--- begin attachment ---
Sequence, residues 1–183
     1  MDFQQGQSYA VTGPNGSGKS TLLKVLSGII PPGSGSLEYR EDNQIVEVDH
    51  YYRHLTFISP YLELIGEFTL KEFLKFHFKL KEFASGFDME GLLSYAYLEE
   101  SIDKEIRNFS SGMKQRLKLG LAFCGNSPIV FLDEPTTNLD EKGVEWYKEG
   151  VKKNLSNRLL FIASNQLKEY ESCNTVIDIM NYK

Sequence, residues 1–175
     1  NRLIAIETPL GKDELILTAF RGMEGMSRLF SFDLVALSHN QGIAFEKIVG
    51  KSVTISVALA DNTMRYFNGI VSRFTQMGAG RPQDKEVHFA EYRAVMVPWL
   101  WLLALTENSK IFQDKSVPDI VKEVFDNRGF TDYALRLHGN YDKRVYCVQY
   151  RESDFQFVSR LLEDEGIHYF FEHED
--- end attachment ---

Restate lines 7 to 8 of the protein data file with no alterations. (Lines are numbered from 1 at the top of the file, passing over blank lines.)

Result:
     1  NRLIAIETPL GKDELILTAF RGMEGMSRLF SFDLVALSHN QGIAFEKIVG
    51  KSVTISVALA DNTMRYFNGI VSRFTQMGAG RPQDKEVHFA EYRAVMVPWL